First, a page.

``````````````````````````````````````````````````````````````````

 We write with grave concern that too many are being distracted by the ardent advocacy of our Yale colleague, Dr. Harvey Risch, to promote the assertion that hydroxychloroquine (HCQ) when given with antibiotics is effective in treating COVID-19, in particular as an early therapeutic intervention for the disease. As his colleagues, we defend the right of Dr. Risch, a respected cancer epidemiologist, to voice his opinions. But he is not an expert in infectious disease epidemiology and he has not been swayed by the body of scientific evidence from rigorously conducted clinical trials, which refute the plausibility of his belief and arguments.

 

august

 Over the last few weeks, all of us have spent considerable time explaining the evidence behind HCQ research, as it applies to early and late stage COVID-19 patients to the scientific community and general public, and now are compelled to detail the evidence in this open letter.

 We are seriously alarmed for the safety of patients and the coherence and effectiveness of our national COVID-19 emergency response when misinformation about HCQ is spread and when rigorous scientific evidence and consensus produced by the community of expert researchers in infectious diseases, federal agencies and national and global health organizations are not heeded. Let us be clear: we are unanimous in our desire to see the development of therapies to treat COVID-19 and to prevent the transmission or acquisition of SARS-CoV-2. If HCQ was shown to be effective, even among subgroups of patients with COVID-19 in ongoing high quality trials, we would join our colleagues in promoting access to it for all who need it. However, the evidence thus far has been unambiguous in refuting the premise that HCQ is a potentially effective early therapy for COVID-19.

 HCQ is used for the treatment of rheumatological diseases, such as lupus and rheumatoid arthritis. However, this does not ensure that the drug will be safe in patients with COVID-19 or in widespread use to treat early illness. In fact, rigorously-conducted clinical trials have found that HCQ is not effective as an early prophylactic therapy in preventing illness due to COVID-19 in people exposed to the virus.

 Furthermore, HCQ, alone or together with the antibiotic, azithromycin, has not been shown to be effective in improving the clinical status of patients with COVID-19. Moreover, clinical trials have found that treatment with HCQ may be associated with increased risk of adverse reactions. Taken together, the scientific evidence does not support the widespread use of this drug, alone or in combination with an antibiotic, as advocated by Dr. Risch and others, unless rigorous evidence from clinical trials demonstrates otherwise.

 Finally, we point to the recent memorandum from the US Food and Drug Administration revoking the Emergency Use Authorization for HCQ that has assembled the data on the drug as of June 2020 (Food and Drug Administration Memorandum Explaining Basis for Revocation of Emergency Use Authorization for Emergency Use of Chloroquine Phosphate and Hydroxychloroquine Sulfate). The Infectious diseases Society of America now advises against the drug alone or in combination with azithromycin in the setting of COVID-19 except in the context of ongoing clinical studies. If these trials do show a clinical benefit for HCQ, we would revise our views on its use in the management of COVID-19.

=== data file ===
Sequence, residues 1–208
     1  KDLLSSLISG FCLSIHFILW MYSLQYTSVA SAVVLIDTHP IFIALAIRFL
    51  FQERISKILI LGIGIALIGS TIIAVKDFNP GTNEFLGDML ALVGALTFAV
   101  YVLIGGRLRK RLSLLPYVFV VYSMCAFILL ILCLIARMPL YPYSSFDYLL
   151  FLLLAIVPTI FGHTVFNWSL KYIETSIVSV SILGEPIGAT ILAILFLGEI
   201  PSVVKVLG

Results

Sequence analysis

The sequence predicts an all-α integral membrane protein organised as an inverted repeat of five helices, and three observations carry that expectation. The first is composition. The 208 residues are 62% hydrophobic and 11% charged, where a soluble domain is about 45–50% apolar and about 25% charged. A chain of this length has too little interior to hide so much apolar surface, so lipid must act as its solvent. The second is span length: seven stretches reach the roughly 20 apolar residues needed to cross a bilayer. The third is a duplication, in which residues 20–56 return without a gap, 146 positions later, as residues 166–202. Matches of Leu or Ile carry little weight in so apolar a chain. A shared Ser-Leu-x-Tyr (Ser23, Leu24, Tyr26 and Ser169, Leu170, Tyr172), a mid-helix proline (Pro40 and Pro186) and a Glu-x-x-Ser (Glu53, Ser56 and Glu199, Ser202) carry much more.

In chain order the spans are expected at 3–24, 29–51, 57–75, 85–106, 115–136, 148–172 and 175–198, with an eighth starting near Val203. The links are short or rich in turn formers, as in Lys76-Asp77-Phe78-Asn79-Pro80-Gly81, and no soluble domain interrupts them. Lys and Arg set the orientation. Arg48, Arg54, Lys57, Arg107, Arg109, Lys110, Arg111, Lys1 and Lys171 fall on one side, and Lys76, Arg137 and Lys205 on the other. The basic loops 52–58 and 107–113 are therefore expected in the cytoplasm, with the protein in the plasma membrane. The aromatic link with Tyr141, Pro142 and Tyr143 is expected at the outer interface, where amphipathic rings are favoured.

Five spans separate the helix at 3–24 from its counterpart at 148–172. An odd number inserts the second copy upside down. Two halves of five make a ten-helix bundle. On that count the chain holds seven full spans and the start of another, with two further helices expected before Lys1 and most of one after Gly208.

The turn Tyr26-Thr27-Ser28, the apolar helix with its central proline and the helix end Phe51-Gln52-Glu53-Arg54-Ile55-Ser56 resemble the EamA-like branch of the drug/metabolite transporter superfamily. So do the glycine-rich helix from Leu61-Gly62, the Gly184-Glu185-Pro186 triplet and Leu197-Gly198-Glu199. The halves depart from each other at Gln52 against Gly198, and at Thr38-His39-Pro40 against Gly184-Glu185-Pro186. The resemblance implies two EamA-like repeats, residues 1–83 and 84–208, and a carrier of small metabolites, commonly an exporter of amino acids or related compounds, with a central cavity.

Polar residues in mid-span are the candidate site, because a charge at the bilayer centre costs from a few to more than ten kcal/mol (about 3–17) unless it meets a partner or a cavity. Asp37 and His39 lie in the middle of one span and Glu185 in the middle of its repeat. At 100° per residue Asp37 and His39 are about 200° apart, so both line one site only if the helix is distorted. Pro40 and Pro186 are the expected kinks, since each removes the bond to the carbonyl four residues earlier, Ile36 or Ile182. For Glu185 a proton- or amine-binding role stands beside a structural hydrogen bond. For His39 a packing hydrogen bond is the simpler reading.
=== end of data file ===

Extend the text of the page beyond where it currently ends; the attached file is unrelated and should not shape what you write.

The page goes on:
The disproportionate focus on treatment with HCQ, in addition to the lack of a strong scientific rationale for its use and the risk of its potentially harmful effects, has major opportunity costs. In a recent analysis of COVID-19 clinical trials, one in every six studies of treatments against SARSCoV-2 was designed to study HCQ or chloroquine. We understand the desperation of many to see an effective treatment for COVID-19 emerge that will stop the pandemic in its tracks or slow its relentless spread in the US. But investing our resources in HCQ after multiple studies have not shown it to be effective for COVID-19 has serious implications for more than just individual patients.

The continuing advocacy on behalf of HCQ distracts us from advancing the science on COVID-19 and seeking more effective interventions in a time when more than 1000 people are dying per day of this disease. There are multiple approaches to expedite the evaluation and approval of drugs for serious and life-threatening diseases in the US that have existed for decades now, but they all still rely on data from rigorous, well-conducted clinical trials to guide us. In addition, this ongoing promotion of HCQ has global implications as well, as many countries in the global South only have access to HCQ and use of HCQ is still common in this setting despite the lack of evidence and potential risks.

 

It is critical that we follow the science and where the evidence leads us on a quest to treat and prevent COVID-19. In this climate, it’s important to rely on the data above all else when making clinical or regulatory decisions.






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Information Shared by: MSViewsandNews
to and for those affected by Multiple Sclerosis
::::::::::::::::::::::::::::::::::::::;;;;;;;;;;;;;;;;;;;;;:::::::::::::::::::::::::::::::::::::::::::::::::::::::::::


Visit our MS Learning Channel on YouTube: http://www.youtube.com/msviewsandnews
august

``````````````````````````````````````````````````````````````````